Trauma recovery

I’m going through a trauma recovery workbook.  I’m probably going to read it six times. On page 47 it says,

Characteristics of Traumatic Relationships: Betrayal occurs at the hands of a trusted caregiver or supporter.

How Helping Relationships Can Re-Traumatize Youth: Youth feel betrayed by the organization, program, or provider.

Characteristics of Traumatic Relationships: Reality is reconstructed to represent the values and beliefs of the abuser./ Events are reinterpreted and renamed to protect the guilty.

How Helping Relationships Can Re-Traumatize Youth: Reality is reconstructed to match the needs and values of the provider or agency, not the youth.

 

I have feels. I’m not a youth any more. I don’t deserve to be centered any more. But these parts of me are still broken.

“In order to protect themselves, consciously or not, many youth act out to speed up the rejection that they are convinced is coming anyway.”

Like talking about the Godmamas being on their way out and then I got a nasty fuck you letter because I had talked about their attitude in a way they didn’t like. Like that. I do that. I do that a lot.

If we don’t exit/punish youth when they break the rules, aren’t we enabling them? No. When a youth that is highly impacted by past trauma is exited, what is the lesson? Although providers may believe youth are learning they can’t write on walls or disrespect providers, mostly providers are just confirming a youth’s belief that they are unlovable and undeserving of attention and support. It is not suggested that agencies and providers ignore inappropriate behavior. Instead, it is recommended that providers work with youth to identify problematic behavior, put it in the context of trauma, and help youth find different ways to express anger, frustration, or sadness. The goal is for youth to know that providers can see far beyond the problem behavior, and see the youth’s capabilities and potential to succeed.”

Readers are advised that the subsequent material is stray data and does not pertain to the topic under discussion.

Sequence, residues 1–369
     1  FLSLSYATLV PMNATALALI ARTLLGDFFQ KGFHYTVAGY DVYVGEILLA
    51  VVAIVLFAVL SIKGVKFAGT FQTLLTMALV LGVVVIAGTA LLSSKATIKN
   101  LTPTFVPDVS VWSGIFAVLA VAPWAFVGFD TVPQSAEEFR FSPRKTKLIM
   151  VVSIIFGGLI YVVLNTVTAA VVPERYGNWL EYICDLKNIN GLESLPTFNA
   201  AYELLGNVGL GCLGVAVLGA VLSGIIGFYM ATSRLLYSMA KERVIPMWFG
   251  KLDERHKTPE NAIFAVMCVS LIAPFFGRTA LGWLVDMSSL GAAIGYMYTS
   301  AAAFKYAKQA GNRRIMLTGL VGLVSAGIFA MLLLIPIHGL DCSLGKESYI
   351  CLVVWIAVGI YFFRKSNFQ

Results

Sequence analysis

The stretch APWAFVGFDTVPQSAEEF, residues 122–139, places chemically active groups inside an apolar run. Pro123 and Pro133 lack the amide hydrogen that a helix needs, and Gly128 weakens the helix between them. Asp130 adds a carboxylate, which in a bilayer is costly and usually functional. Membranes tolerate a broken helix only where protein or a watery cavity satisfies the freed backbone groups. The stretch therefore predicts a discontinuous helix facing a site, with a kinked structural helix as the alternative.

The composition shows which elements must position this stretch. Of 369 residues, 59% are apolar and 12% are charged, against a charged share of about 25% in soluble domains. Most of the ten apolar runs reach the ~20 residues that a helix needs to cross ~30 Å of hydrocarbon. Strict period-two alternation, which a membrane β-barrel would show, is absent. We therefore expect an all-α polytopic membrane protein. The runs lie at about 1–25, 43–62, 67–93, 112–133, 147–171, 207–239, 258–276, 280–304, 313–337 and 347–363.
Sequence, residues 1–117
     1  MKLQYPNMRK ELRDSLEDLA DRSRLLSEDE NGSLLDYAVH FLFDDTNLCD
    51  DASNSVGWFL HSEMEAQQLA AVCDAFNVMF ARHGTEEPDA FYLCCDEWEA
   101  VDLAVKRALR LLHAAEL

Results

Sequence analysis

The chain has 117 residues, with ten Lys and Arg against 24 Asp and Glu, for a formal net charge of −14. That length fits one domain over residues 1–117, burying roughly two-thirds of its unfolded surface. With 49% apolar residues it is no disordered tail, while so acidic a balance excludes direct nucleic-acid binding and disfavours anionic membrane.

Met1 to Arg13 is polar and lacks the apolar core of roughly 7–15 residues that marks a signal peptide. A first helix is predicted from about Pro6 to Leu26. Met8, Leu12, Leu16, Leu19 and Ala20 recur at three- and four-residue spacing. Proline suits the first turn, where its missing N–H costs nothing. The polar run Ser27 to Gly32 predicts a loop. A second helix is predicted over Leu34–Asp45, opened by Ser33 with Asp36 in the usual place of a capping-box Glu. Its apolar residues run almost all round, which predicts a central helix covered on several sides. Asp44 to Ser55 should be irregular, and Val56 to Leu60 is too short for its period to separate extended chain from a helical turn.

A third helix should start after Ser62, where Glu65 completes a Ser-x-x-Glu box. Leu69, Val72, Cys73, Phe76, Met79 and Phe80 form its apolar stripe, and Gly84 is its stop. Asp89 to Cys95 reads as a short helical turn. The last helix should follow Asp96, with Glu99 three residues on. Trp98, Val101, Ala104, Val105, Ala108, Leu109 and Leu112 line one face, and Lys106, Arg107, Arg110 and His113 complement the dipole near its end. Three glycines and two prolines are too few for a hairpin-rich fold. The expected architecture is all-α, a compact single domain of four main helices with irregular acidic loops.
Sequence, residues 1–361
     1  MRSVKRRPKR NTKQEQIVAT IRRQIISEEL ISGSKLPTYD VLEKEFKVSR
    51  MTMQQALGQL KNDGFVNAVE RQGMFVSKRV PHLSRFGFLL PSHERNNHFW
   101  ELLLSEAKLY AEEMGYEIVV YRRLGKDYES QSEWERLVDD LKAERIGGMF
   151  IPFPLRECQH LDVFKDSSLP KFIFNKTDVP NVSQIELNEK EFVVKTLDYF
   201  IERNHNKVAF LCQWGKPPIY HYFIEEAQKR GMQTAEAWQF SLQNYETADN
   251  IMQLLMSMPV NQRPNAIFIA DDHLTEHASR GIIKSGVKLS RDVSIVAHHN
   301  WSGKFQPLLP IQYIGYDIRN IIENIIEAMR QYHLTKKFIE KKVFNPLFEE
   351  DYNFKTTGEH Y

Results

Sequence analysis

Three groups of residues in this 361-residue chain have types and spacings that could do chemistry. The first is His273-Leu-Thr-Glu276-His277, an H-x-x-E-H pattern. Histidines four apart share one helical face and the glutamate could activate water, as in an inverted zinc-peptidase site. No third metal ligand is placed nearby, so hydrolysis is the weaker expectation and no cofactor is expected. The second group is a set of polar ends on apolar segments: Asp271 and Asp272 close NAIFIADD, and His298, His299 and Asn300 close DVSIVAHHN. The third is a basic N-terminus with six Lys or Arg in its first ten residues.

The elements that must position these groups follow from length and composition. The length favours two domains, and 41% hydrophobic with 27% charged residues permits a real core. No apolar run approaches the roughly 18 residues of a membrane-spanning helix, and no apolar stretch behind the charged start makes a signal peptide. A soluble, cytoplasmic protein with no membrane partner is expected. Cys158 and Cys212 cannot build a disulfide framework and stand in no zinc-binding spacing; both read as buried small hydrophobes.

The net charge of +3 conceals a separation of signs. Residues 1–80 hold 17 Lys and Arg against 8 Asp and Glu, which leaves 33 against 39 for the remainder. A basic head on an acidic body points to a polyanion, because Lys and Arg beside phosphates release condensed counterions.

Feelings. What is my fault? What isn’t my fault? What should I be punished for? What shouldn’t I be punished for?

I don’t really know.

Reading stuff like this reminds me of when I was teaching. I was very good at working with gang kids because when they walked in angry… I assumed it had nothing to do with me and I offered support instead of punishment. What happened? Why are you so upset? It must be something awful; this isn’t like you. Then they will crumble into a ball of tears because the anger was just an attempt to hold it together.

People want to be seen so badly. It’s not just me.

Most of the people who try really hard to seem tough are people who have been beaten down. Life is really hard.

I’ve talked to several former students in the past few days. I ran into one at the convention. We were very happy to see one another.

I don’t fuck everything up. I fuck things up when my boundaries get muddy. When I want too much. When I’m too needy. When I ask for help or love or support that I know I have no hope of getting. Because I really don’t matter that much.

2 thoughts on “Trauma recovery

  1. inflectionpoint

    I think you make a really good point when you talk about how you worked with kids who were breaking rules.

    If more people used that approach, things might work better. I appreciate you explaining how you worked with them and how that might be from your background. I keep trying to find things about my own that are features and not bugs. Sometimes it is really hard.

    Reply

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